image stabilization

Discussion in 'Digital Photography' started by cqdx, Jan 4, 2005.

  1. cqdx

    cqdx Guest

    I'm looking at buying a 10X optimal zoom camera. Some feel that image
    stabilization is a necessary feature to have in a 10X zoom camera. Just how
    important is this feature,and is it worth paying about $100 more for it?
    Thanks, Mitch
     
    cqdx, Jan 4, 2005
    #1
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  2. cqdx

    al-Farrob Guest

    cqdx wrote:

    I would say it is worth paying that difference.

    > I'm looking at buying a 10X optimal zoom camera. Some feel that image
    > stabilization is a necessary feature to have in a 10X zoom camera. Just
    > how important is this feature,and is it worth paying about $100 more for
    > it? Thanks, Mitch


    --
    al-Farrob
    --
    "16 photographs by al-Farrob"
    http://www.al-farrob.com
     
    al-Farrob, Jan 4, 2005
    #2
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  3. cqdx wrote:
    > I'm looking at buying a 10X optimal zoom camera. Some feel that image
    > stabilization is a necessary feature to have in a 10X zoom camera.
    > Just how important is this feature,and is it worth paying about $100
    > more for it? Thanks, Mitch


    For $100 if it were any good, I would go for it. Is it necessary, well
    that all depends. We lived with out them for a long time and some really
    fantastic photography was done without them. I guess it is not necessary to
    take great photographs. On the other hand if your expectations of your
    equipment are high or you want the advantages of IS, then it is necessary.

    --
    Joseph Meehan

    26 + 6 = 1 It's Irish Math
     
    Joseph Meehan, Jan 4, 2005
    #3
  4. cqdx

    Jim Townsend Guest

    cqdx wrote:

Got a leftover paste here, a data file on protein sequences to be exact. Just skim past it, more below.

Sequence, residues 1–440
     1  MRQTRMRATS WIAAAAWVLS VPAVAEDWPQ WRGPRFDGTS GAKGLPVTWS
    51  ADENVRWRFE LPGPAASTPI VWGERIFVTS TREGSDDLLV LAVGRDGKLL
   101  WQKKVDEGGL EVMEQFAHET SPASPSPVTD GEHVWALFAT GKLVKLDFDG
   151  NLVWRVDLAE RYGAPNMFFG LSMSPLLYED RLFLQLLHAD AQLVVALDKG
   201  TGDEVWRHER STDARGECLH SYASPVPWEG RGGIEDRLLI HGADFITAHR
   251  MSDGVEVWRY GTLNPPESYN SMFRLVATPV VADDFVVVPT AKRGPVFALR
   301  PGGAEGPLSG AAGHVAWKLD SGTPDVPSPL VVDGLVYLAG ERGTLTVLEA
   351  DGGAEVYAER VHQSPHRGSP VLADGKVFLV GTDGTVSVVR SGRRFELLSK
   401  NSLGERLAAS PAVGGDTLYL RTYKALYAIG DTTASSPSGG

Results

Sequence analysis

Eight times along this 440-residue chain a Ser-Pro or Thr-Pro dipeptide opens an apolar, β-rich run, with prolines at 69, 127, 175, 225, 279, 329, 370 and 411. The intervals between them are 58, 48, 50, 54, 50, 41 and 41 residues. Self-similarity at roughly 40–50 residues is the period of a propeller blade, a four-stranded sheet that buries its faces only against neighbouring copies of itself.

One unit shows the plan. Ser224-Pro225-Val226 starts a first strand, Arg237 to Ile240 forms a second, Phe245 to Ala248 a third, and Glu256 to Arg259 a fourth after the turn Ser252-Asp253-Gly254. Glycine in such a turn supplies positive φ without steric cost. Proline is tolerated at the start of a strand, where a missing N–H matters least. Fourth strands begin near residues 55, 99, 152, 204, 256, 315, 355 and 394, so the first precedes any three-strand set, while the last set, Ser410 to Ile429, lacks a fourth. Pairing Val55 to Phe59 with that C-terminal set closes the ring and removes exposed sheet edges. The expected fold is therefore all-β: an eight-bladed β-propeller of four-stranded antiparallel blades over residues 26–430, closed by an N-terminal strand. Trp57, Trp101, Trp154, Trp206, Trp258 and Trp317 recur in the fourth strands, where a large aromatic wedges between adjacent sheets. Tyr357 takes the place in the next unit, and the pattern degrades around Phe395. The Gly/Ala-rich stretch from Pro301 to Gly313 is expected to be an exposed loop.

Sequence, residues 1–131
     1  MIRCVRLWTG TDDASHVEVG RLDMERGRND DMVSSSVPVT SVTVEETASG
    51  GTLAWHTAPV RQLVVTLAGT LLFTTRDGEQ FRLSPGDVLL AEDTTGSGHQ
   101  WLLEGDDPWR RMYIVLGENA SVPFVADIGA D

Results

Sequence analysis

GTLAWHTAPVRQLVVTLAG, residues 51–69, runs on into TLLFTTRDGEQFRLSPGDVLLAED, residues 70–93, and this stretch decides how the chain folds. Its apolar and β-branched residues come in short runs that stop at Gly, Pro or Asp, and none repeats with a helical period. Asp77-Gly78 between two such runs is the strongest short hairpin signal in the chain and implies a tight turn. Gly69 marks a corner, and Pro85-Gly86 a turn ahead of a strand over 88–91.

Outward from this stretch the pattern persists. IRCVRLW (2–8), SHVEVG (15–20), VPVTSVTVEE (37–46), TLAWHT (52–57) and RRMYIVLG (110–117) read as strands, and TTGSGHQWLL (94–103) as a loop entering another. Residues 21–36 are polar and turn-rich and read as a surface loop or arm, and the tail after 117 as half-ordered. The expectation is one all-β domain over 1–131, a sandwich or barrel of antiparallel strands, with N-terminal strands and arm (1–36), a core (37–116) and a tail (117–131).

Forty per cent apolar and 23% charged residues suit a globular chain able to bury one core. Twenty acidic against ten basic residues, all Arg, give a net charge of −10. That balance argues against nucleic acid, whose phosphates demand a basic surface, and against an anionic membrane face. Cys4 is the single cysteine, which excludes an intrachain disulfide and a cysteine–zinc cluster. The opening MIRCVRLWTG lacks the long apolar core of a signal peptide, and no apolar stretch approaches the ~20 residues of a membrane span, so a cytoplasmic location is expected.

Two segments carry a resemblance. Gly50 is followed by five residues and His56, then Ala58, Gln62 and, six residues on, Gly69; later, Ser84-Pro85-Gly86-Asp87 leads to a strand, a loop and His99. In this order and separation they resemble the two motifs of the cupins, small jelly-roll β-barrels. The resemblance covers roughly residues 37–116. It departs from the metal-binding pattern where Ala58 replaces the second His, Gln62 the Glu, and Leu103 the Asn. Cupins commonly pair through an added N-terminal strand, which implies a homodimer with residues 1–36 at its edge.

> I'm looking at buying a 10X optimal zoom camera. Some feel that image
    > stabilization is a necessary feature to have in a 10X zoom camera. Just how
    > important is this feature,and is it worth paying about $100 more for it?
    > Thanks, Mitch


    If you don't plan on using a tripod at full zoom, then it's
    definitely worth it... Especially when you aren't in
    bright sunlight.
     
    Jim Townsend, Jan 4, 2005
    #4
  5. cqdx

    Paul Wylie Guest

    cqdx <> wrote:
    > I'm looking at buying a 10X optimal zoom camera. Some feel that image
    > stabilization is a necessary feature to have in a 10X zoom camera. Just
    > how important is this feature,and is it worth paying about $100 more for
    > it?


    I have the Oly C2100UZ, which is a 10x optical zoom with IS, and it's such
    a great feature that I put IS at the top of my list for long-zoom cameras
    going forward, even ahead of a full 10x zoom.

    I thought I'd found the perfect camera in the KonicaMinolta Dimage A2 (7x
    zoom), but I found that its IS is inferior to the Oly's, and the noise
    generated by the small 8 MP sensor was unacceptable for my use.

    I ended up getting the Canon 300D (digital rebel) with the kit lens and
    just recently acquired the 75-300 f4-5.6 IS to go with it. I'm very happy
    with the quality of photos I'm getting with the kit lens, but I have to
    agree with others that the 75-300 IS is fuzzy at the extreme end of its
    focal length, and the IS isn't sufficient to fully eliminate lens shake at
    full zoom for totally unsupported handheld operation, either.

    If I were in the market for an all-in-one 10x zoom again, I'd still put IS
    at the top of the feature list. The other thing to remember is that not
    all 10x zooms are equivalent. The Oly's range was equivalent to a range
    of 38-383mm on a 35mm film camera, but the Dimage A2's range (7x) was
    the equivalent of 28-200mm, so even if it had been capable of 10x, it
    would only have gone to the equivalent of 280mm.

    --Paul
    ** Note "removemunged" in email address and remove to reply. **
     
    Paul Wylie, Jan 4, 2005
    #5
  6. > but I have to